Cancer death rate declining

A piece of good news comes from the American Cancer Society in the ongoing battle against the dreaded "C" word.

"The cancer death rate is decreasing overall for all types of cancer combined since 1991," said Diane Robbins, program manager with the Southwest Division Inc.

Community Organization of the ACS.

"The cancer that appears to be on the increase is lung and that's for women only.

It's decreasing in men as a cause of death."

Prostate is the most common type of cancer among Arizonans, followed by breast and lung cancer, Robbins said.

However, in order of mortality, the top three killers in this state are lung, colorectal and breast cancer.

The 1999 edition of Arizona Health Status and Vital Statistics from the state Department of Health Services concurs with Robbins' information.

Mohave County closely parallels the state numbers.

The report stated 174 deaths occurred from lung cancer in Mohave County in 1999, the most recent year for which statistics are available.

There were 31 deaths from colorectal cancer.

Mohave County figures differed from the state with 26 prostate cancer deaths making it No.

3 for 1999, followed by 23 deaths of women from breast cancer.

Deaths from lung, prostate and colorectal cancer in men have declined over the last 10 years, Robbins said.

"More people are dying of lung cancer than any other type because we don't have good early detection methods for it," Robbins said.

"There are cost-effective screening methods for diagnosing breast and prostate cancers, but not for lung cancer."

In the 1960s, the United States Surgeon General determined smoking carried a risk of lung cancer.

At that time, men were longtime cigarette smokers, but smoking was not yet an acceptable fashion among women, Robbins said.

Men heeded the warning and began to cut back on cigarette use.

But when cancer studies began to publish in the late1960s and early 1970s, women refused to give up smoking and mortality statistics now reflect their choice, Robbins said.

Cancer death projections for 2001 for Arizona supplied by Robbins indicate there will be 2,600 deaths from lung cancer this year.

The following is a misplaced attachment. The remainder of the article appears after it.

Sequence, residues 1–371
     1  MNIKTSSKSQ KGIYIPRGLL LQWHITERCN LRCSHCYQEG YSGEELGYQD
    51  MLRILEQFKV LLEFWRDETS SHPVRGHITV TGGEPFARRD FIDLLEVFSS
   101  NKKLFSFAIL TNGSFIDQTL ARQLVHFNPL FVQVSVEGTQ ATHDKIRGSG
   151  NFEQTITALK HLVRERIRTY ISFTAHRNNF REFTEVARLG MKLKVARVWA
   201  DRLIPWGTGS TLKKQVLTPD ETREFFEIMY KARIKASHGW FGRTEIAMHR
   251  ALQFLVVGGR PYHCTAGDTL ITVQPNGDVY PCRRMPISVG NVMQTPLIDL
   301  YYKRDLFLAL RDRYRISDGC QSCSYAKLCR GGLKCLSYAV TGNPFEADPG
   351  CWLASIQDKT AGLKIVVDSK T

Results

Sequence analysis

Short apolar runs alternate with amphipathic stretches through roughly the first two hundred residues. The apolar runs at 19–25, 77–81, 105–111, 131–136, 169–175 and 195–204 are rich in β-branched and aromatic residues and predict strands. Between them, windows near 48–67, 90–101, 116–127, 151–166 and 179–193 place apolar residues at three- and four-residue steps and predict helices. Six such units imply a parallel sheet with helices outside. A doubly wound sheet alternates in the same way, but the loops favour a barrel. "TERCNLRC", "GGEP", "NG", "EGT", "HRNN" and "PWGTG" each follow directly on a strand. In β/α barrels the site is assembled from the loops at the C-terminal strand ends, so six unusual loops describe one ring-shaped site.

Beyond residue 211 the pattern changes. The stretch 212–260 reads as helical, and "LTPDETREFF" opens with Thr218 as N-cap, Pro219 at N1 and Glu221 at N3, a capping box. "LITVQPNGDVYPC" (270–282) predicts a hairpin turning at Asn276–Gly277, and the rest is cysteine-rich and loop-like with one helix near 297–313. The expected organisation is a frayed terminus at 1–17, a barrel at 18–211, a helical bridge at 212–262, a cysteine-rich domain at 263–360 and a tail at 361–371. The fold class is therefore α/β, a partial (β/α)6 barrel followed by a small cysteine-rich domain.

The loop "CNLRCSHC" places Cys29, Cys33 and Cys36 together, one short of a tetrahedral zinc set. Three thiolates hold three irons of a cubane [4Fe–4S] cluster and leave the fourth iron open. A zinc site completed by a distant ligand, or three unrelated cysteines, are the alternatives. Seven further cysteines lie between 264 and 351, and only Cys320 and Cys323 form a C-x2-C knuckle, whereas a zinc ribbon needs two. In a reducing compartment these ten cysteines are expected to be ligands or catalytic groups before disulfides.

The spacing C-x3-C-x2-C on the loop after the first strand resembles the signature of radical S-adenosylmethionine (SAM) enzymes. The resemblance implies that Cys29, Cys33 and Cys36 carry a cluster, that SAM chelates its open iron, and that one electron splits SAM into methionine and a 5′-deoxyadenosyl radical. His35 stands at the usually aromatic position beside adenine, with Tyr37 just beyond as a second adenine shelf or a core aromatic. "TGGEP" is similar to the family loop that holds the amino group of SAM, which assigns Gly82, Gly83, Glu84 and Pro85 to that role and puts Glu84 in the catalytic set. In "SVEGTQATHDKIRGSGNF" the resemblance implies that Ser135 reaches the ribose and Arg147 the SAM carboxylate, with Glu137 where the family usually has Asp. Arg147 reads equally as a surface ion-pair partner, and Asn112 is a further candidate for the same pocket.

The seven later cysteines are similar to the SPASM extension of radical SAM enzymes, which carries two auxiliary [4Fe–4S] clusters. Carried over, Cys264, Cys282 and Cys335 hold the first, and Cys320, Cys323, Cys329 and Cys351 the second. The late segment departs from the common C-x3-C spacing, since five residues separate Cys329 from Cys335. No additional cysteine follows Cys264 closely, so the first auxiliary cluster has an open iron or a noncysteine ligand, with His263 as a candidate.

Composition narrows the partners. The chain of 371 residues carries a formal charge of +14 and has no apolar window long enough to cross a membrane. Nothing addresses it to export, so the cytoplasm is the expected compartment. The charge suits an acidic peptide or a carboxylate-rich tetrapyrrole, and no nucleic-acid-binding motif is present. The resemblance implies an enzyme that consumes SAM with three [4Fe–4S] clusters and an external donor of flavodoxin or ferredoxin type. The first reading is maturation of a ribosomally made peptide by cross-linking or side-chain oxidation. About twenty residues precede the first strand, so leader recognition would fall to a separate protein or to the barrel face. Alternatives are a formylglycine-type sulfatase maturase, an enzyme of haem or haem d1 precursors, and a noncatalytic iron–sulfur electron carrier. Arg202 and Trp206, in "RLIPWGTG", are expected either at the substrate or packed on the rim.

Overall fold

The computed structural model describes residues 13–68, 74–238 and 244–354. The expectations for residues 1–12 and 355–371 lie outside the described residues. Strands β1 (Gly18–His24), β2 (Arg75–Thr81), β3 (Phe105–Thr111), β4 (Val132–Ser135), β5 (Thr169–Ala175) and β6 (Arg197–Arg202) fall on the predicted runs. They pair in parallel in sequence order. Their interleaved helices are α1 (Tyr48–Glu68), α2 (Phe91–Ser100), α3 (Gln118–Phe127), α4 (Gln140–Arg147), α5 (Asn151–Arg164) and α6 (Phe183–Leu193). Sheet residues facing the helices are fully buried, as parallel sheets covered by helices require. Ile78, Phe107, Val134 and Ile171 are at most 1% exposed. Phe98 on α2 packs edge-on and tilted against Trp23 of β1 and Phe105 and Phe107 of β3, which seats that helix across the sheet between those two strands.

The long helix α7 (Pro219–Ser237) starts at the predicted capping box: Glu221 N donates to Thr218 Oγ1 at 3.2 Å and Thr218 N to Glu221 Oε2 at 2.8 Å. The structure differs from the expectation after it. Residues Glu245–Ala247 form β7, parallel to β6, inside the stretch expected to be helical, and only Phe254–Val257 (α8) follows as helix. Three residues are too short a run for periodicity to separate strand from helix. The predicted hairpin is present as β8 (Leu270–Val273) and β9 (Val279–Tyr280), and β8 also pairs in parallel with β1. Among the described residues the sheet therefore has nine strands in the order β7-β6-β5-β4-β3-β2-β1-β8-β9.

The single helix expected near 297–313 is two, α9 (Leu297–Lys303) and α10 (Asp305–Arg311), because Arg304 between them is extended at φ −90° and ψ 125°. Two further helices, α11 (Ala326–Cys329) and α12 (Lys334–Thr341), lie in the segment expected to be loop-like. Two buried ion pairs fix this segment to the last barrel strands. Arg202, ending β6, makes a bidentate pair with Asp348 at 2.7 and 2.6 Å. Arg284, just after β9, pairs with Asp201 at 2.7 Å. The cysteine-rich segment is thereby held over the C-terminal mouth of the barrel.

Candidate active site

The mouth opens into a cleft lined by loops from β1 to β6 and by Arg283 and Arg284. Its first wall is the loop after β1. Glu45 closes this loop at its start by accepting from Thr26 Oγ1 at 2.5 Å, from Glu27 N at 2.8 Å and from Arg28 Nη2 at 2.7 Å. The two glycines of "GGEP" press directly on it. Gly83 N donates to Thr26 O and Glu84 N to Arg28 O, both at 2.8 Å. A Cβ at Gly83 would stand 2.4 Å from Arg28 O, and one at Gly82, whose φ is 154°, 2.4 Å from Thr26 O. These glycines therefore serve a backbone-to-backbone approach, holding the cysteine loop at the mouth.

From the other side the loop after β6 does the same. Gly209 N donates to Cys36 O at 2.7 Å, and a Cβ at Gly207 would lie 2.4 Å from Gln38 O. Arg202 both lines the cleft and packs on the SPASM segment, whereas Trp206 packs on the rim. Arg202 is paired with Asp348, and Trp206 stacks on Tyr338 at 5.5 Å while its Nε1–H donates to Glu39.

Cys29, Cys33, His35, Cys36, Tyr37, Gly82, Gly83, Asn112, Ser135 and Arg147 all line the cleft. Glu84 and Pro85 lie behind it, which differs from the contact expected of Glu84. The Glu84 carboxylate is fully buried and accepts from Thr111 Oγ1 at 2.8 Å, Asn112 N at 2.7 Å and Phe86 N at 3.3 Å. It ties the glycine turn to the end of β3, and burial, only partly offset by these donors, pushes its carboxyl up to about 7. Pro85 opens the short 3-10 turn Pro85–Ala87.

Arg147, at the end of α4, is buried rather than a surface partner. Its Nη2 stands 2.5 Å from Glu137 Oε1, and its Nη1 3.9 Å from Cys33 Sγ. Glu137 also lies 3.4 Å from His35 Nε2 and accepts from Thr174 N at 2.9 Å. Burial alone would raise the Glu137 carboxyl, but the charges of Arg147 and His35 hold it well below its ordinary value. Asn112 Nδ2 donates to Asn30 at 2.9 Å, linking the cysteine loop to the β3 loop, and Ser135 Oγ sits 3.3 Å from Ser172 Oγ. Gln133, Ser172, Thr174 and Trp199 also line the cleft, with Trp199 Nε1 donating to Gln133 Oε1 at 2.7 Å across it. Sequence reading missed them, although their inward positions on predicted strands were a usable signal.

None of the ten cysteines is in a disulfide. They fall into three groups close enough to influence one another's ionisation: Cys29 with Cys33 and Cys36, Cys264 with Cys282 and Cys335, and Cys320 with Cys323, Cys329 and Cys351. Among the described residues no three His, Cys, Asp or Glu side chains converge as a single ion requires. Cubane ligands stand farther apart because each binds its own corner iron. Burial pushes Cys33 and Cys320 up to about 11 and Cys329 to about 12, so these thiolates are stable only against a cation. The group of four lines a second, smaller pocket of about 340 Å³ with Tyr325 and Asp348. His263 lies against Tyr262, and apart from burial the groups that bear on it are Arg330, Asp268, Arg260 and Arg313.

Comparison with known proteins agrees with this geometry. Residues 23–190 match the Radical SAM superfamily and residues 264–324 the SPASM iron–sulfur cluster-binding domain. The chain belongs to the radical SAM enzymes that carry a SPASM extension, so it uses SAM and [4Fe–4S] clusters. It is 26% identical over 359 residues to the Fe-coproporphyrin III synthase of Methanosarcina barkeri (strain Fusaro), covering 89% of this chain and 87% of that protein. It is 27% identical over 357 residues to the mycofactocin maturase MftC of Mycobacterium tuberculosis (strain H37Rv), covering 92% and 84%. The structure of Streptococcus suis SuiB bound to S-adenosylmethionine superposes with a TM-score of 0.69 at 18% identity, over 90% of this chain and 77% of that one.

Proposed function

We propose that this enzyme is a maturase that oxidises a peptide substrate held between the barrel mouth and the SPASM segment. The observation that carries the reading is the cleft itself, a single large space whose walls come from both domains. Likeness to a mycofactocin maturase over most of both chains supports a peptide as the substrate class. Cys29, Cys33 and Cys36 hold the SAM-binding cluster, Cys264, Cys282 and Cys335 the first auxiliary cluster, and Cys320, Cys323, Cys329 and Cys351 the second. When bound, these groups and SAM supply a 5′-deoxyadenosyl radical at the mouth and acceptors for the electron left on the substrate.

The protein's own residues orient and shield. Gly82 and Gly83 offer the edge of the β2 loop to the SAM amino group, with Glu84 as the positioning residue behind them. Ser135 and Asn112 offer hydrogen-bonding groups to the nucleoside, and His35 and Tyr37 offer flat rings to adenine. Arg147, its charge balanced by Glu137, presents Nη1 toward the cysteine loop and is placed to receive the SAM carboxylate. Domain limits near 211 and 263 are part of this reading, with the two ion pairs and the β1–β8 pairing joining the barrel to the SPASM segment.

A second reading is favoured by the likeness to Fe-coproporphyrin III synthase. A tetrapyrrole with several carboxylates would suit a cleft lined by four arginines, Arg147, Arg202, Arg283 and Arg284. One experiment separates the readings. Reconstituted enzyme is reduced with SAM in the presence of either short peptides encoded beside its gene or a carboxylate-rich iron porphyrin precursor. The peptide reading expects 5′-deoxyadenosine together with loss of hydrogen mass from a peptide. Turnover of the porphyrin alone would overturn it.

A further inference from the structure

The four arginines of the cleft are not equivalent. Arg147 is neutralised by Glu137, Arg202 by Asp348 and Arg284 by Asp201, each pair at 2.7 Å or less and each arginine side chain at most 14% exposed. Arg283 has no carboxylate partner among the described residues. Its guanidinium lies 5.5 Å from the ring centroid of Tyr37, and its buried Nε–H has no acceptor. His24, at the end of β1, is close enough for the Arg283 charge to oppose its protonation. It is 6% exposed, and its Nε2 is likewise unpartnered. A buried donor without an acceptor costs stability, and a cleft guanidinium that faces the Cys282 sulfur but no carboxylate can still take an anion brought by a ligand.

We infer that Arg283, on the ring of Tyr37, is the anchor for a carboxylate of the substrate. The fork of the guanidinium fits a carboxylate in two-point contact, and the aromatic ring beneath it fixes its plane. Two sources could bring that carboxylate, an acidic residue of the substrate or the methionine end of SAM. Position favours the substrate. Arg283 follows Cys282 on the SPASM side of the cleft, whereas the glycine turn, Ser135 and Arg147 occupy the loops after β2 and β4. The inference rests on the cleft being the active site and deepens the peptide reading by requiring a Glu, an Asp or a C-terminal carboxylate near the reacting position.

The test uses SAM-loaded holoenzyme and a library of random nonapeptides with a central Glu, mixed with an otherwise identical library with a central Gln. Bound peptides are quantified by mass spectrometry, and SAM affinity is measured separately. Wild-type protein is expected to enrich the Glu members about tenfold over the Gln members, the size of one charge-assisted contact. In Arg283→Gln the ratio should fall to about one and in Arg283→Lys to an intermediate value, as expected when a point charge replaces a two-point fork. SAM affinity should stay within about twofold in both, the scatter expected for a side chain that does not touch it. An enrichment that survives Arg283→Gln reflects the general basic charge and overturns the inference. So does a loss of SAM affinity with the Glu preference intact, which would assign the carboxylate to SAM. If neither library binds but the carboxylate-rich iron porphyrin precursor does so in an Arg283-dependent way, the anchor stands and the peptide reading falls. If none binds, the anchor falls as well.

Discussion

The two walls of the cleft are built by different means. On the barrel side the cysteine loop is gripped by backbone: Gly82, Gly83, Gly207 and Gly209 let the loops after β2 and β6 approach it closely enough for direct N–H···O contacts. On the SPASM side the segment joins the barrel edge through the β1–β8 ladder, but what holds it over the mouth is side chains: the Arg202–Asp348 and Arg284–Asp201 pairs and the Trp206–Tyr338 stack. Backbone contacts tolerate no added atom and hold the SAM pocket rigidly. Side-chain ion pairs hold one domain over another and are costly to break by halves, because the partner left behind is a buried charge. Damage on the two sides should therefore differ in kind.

In addition, 900 people will die from colorectal cancer, 700 women from breast cancer, and 600 men from prostate cancer.

Amy Stoll is a cancer epidemiologist with the Arizona Cancer Registry, which is a part of the state Department of Health.

Stoll's work entails gathering statistics from tumor registries at hospitals around the state.

The data contains the age and race of the individual with cancer, how he or she was diagnosed, what treatment is rendered, whether the disease goes into remission or if the patient dies and, if so, from what cause.

"There's just no good way at present to screen for lung cancer," Stoll said.

"By the time a patient exhibits symptoms like coughing up blood or shortness of breath and goes for a chest X-ray a lump may be found and the disease can be in its later stages, too late to effectively treat."

Aside from the four forms of cancer already mentioned, Stoll's office keeps track of other cancers that lead to death.

Hodgkin's and non-Hodgkin's type lymphomas ranked No.

5 in deaths in the state for 1997, she said.

Pancreatic cancer ranked sixth, followed by ovarian cancer, leukemia, kidney and renal pelvis cancer, and liver cancer at No.

10.

As outdoors activities are a central part of life in Arizona, one might expect skin cancer (melanomas) to rank high.

But that is not the case, failing to make the top 12 in mortality.

"Skin cancer among men ranks No.

5 in terms of the incidence," Stoll said.

"In women, it's No.

7."

The risk of contracting some form of cancer increases with age or if there is a family history of it.

Lifestyle choices are the best way to avoid getting cancer, Stoll said.

Those choices include not smoking, exercising regularly and eating a diet heavy in fruits and vegetables.